Wednesday, July 09, 2008
Random Movie Report #51: The Man Who Laughs
This is unfortunate. Because this blog’s had a spate of perhaps unusually positive reviews as of late, I suppose you’re all wondering where the vitriol went if there ever was any. Some of it has gone into another project, where it’ll have to wait, but that’s not my decision. And I really didn’t want it to be this movie.
Make no mistake, I am not the sort of person who cannot appreciate silent films. I enjoy a lot of them; the pure visual storytelling and the creative freedom of pre-sound cinema (which took decades to recover) have a unique appeal, and though you have to roll the dice when it comes to whatever the distributor has put on the soundtrack sometimes you get lucky. (Goodtimes Home Video, of all places, put a really evocative score on an old VHS release of THE THIEF OF BAGHDAD which I treasure dearly.) My problems with THE MAN WHO LAUGHS don’t entirely stem from its age, either. It’s a melodrama, of course, so it hasn’t aged that well, but beyond that there’s a narrative clumsiness that works against the film’s visual style and fine performances, and really makes it hard to get absorbed at all. Perhaps audiences of the day expected this sort of thing or were willing to look beyond it to enjoy the spectacle, but THE MAN WHO LAUGHS simply places too many obstacles in front of what should be a compelling story.
Conrad Veidt stars as Gwynplaine, the lost heir of English nobility, his face carved into a perpetual grin by gypsy surgeons under the order of King James II (Sam De Grasse) and his scheming jester Barkilphedro (Brandon Hurst.) He’s raised by a philosopher named Ursus (Cesare Gravina), and travels with him and the blind, beautiful Dea (Mary Philbin), an orphaned blind girl whom our hero brought to Ursus’ door. They follow carnivals and such, Gwynplaine appearing as The Laughing Man, an acclaimed clown. One of the gypsy surgeon people (George Siegmann) who abandoned Gwynplaine in the rush to get out of England before sees him at the carnival, and this information gets into the hands of Barkilphedro again, who this time is working for the Duchess Josiana (Olga Baclanova), who inherited the lands that rightfully belong to Gwynplaine. She happens to see the Man Who Laughs at the carnival and even tries to seduce him, but when word gets back that she’ll have to marry this man to keep her fortune, she breaks down and shuns him. He, meanwhile, is really in love with Dea, but is ashamed of his deformity which she can’t see. Meanwhile, Barkilphedro is planning... something, and complications abound.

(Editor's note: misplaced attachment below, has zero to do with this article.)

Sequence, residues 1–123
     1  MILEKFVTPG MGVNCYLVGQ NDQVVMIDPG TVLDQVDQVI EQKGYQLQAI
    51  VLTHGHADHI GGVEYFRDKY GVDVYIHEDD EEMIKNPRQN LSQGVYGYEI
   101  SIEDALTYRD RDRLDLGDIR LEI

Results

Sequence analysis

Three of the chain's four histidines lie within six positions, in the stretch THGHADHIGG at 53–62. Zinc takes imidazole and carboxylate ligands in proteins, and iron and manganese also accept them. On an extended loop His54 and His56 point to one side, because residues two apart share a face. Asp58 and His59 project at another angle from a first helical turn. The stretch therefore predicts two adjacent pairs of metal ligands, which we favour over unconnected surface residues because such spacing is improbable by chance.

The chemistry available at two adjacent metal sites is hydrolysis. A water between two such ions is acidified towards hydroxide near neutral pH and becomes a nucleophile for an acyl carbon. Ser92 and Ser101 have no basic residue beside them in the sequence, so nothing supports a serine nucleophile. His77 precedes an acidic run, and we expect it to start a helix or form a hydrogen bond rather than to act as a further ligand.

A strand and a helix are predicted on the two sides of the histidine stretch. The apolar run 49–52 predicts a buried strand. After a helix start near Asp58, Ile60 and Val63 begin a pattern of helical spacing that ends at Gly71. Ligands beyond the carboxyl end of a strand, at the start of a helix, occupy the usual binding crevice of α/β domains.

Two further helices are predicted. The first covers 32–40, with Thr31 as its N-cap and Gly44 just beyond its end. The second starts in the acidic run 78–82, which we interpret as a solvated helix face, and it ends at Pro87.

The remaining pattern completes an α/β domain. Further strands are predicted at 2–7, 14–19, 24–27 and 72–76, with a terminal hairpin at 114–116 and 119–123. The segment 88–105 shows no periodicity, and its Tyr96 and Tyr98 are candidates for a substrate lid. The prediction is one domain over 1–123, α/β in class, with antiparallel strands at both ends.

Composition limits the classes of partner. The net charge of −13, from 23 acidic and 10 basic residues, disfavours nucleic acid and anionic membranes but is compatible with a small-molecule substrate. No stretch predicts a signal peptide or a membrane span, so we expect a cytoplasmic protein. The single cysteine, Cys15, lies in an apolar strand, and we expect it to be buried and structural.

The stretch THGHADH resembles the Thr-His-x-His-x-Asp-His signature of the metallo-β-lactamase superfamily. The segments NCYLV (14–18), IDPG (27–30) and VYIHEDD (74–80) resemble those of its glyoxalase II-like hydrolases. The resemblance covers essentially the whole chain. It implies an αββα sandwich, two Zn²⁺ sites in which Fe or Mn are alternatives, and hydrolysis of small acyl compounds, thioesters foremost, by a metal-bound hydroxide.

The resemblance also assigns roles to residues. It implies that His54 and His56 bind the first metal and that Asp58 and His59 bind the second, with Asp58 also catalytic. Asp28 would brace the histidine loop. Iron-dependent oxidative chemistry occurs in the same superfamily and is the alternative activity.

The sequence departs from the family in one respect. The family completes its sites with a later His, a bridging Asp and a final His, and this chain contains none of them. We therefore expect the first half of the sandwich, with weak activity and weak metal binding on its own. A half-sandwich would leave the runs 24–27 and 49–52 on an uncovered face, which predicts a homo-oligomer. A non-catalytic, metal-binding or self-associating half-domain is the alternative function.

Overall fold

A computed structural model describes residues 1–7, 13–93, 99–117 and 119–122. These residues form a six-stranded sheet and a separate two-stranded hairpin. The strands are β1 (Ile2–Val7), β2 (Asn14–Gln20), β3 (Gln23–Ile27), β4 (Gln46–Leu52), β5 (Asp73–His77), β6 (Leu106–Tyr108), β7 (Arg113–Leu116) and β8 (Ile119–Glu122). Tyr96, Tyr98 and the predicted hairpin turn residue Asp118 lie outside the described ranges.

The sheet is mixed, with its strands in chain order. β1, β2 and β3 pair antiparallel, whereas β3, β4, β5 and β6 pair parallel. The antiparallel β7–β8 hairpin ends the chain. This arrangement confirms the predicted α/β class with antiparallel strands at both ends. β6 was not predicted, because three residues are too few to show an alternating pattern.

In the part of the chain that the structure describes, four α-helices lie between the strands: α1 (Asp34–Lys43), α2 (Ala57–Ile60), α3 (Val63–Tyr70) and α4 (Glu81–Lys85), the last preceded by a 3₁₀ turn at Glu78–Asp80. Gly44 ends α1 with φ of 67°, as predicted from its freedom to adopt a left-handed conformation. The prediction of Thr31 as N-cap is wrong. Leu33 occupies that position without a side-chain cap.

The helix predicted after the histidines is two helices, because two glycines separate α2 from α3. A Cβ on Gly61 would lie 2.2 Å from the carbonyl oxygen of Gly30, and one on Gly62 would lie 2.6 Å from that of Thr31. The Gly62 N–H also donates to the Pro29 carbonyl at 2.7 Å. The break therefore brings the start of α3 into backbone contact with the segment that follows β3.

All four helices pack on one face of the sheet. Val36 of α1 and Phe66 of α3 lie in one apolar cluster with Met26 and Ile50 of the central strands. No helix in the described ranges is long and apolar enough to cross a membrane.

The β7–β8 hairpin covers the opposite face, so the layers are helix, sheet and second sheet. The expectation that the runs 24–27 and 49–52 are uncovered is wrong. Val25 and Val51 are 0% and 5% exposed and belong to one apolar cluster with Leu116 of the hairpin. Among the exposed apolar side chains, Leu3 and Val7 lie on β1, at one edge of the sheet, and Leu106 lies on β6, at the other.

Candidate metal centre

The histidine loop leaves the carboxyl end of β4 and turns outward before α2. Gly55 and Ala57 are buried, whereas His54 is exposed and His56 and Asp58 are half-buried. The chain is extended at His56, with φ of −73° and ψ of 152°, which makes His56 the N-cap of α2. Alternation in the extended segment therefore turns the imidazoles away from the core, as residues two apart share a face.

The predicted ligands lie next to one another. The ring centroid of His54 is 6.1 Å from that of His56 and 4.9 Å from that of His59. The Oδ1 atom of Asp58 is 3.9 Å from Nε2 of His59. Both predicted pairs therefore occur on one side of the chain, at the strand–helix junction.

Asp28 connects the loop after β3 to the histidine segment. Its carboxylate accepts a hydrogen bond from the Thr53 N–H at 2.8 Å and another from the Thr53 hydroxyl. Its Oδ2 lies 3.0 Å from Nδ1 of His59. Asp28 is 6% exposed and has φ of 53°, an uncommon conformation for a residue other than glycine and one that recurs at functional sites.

The whole film starts promisingly enough, and the basic premise is a good one. But Victor Hugo was writing at a time when the novel was expected to pile on as many complications as the manuscript could contain, and very little seems to have been cut. There is so much going on here, which I would usually class under “good”, but so little of it actually adds anything. The characters remain two-dimensional at best; the Duchess is spoiled and shallow, Dea is sweet and pure, Barkilphedro is Just Plain Evil, etc. The whole virgin/whore thing works against the “don’t judge people by their appearances” moral, at least in the sense that we’re told we don’t have to extend our empathy to those bastards and really only need care about our protagonist and his one true love.